Saturday, April 29, 2006

The Battle of Flowers Parade ...

... is always fun. And you're sure to see some strange things along the way. The Express-News provides a blow-by-blow account of yesterday's parade here.

Just one excerpt:
It's a Fiesta nightmare come true: King Rey Feo's float breaks down at Main and Commerce. A marching band squishes up behind it, marking time while police officers investigate. "Looks like it went down," Rey Feo says. "Just my luck for an ugly king." The float is kaput. Officers start pushing it down a side street. "We're walking!" Rey Feo yells, and his royal court dismounts onto the pavement. A woman wearing a fuchsia gown, a tiara and 3-inch heels complains she wasn't expecting to walk today. "But it's OK," she says, smiling, just like a queen would.

Ah, Fiesta time.

Thursday, April 27, 2006

"Tortilla tossing missed"

What? No tortillas at the Cornyation this year?
For some Fiesta revelers who love the madcap irreverence of Cornyation, it just isn't the same event without the flying tortillas.

So, what stopped the tradition? A lawsuit, of course.

A tradition since the 1991 Cornyation at Beethoven Hall, tortilla tossing was banned this year because of a lawsuit filed by a woman who was struck in the head by something harder than a tortilla last year at Cornyation.

The settlement cost the organization "less than $1,000" and — get this — 10 tickets for this year's performance.

That is indeed strange.

By the way, the Cornyation is an annual Fiesta event that pokes fun at recent local news stories and politics. It is usually quite ribald.

Monday, April 24, 2006

"People Pawning to Pay for Gas"

What the hell?

Gas bills are getting so high that some people are looking for quick money to fill the gaps, News 4 WOAI learned. Customers are looking for more loans and selling items to pay their fuel bills, workers at pawn shops said.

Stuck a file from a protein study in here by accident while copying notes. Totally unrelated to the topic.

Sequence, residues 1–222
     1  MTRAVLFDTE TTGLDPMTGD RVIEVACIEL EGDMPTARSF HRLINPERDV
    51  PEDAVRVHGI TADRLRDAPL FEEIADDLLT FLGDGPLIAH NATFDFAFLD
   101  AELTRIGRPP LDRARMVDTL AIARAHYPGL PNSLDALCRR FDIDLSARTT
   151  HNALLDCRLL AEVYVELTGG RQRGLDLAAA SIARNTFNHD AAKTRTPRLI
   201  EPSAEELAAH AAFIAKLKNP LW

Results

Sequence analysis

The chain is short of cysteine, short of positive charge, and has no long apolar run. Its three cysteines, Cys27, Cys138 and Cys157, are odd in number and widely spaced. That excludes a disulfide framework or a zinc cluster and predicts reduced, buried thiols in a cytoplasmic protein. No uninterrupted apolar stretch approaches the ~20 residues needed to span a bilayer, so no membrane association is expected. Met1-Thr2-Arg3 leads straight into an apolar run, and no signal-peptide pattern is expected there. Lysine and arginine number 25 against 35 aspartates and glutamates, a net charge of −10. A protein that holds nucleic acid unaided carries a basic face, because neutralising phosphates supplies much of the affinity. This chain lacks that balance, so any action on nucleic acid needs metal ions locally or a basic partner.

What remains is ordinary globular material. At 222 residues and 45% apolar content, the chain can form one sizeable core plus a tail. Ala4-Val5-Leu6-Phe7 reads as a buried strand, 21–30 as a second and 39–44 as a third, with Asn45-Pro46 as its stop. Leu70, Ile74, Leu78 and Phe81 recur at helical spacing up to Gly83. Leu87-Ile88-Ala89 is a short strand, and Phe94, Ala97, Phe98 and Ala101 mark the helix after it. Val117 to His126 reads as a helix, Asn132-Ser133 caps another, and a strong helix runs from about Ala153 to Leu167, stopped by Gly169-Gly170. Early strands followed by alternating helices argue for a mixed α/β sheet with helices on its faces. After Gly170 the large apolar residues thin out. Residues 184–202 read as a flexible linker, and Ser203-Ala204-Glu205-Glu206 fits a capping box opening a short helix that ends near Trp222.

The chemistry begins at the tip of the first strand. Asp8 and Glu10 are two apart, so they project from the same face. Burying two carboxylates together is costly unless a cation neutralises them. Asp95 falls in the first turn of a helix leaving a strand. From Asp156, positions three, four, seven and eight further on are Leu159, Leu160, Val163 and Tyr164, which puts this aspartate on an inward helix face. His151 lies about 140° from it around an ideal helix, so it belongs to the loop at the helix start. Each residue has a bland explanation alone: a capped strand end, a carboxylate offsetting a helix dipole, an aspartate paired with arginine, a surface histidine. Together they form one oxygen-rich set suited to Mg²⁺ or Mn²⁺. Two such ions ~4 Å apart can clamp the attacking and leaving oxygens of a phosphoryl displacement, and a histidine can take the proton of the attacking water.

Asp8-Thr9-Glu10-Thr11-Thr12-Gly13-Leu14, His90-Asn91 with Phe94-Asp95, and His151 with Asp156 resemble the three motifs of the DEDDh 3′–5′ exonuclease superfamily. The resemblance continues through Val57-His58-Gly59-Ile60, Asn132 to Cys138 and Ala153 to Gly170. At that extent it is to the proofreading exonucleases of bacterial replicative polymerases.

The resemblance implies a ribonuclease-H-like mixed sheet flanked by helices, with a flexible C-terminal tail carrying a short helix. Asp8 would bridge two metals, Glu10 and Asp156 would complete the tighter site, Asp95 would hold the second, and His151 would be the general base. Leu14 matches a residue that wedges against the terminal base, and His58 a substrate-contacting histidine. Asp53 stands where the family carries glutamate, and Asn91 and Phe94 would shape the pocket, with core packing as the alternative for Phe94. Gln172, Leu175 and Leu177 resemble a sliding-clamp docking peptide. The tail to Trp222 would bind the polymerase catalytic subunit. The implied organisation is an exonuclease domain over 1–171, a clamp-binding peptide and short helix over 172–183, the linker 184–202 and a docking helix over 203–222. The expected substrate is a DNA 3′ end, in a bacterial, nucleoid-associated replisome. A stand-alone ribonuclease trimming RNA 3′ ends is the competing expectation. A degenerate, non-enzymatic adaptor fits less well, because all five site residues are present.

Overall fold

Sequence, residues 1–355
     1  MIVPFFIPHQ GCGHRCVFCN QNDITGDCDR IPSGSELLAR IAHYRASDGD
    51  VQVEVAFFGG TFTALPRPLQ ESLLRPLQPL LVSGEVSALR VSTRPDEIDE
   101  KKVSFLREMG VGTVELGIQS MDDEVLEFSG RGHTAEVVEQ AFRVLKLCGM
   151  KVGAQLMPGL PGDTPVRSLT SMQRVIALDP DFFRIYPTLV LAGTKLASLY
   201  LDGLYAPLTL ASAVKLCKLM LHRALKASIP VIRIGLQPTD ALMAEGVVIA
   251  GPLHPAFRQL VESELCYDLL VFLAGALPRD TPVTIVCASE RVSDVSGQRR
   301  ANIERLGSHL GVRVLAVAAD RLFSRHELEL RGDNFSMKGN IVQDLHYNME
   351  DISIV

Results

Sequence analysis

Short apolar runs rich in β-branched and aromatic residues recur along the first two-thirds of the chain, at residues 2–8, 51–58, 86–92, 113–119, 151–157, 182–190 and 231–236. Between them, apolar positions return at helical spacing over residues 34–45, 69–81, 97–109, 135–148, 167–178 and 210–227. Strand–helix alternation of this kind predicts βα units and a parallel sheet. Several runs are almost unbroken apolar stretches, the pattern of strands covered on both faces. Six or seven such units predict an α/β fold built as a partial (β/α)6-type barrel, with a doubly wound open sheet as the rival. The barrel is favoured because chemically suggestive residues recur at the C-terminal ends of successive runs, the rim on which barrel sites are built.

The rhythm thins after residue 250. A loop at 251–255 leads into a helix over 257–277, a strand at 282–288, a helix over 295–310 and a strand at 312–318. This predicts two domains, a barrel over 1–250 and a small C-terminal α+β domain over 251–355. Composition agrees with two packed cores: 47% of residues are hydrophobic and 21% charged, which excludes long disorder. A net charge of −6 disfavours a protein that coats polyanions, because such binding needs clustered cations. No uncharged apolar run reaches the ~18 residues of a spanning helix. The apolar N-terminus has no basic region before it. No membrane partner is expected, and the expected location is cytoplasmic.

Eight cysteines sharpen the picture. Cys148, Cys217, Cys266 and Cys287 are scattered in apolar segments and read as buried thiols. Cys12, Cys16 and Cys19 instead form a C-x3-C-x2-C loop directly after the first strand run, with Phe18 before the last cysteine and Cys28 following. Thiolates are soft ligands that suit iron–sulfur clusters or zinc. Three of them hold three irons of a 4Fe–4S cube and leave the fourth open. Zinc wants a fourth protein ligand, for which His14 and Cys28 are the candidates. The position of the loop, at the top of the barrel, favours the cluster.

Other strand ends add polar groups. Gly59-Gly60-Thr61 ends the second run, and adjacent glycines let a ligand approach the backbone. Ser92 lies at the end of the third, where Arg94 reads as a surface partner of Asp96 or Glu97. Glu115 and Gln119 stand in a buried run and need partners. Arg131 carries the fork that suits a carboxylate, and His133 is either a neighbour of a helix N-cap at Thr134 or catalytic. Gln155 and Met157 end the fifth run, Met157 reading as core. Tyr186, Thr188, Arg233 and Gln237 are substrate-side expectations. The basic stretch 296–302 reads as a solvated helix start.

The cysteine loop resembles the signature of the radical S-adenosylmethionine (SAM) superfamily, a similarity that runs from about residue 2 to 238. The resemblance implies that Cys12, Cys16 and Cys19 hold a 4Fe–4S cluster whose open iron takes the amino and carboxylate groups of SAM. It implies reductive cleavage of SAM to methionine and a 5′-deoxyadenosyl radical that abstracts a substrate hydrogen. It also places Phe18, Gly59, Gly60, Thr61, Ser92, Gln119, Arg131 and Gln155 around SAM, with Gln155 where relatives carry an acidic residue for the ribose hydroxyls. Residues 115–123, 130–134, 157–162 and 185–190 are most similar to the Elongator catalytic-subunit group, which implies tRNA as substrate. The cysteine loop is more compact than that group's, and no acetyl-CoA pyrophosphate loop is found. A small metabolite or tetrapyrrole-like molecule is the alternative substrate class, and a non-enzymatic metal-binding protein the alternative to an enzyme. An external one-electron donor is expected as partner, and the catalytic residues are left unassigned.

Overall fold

The average cost of a gallon of regular gasoline cost was about $2.80 in San Antonio Monday, according to AAA. People are selling what they can for cash.

“I pawned a paint sprayer just to be able to get some gas,” customer Robert Preas said.

If they're that desperate for gas money, shouldn't they be taking the bus instead? How long do they expect that pawn money to last?

Sunday, April 23, 2006

"Driver Takes Dog On High-Speed Police Chase"

If you decide, foolishly, to try to outrun police in San Antonio, make sure you leave your dog at home.

Or else you could be facing animal cruelty charges, on top of everything else.

A driver, who took police officers on a high-speed chase, brought his dog along for the ride, KSAT 12 News reported.

The dog was locked up in a kennel in the back of the truck during the chase through Wilson and Bexar counties.

"Animal cruelty charges could be pending," said one official. "It's just something we'll look into."

He was going 90 mph.

Thursday, April 20, 2006

Doubled street names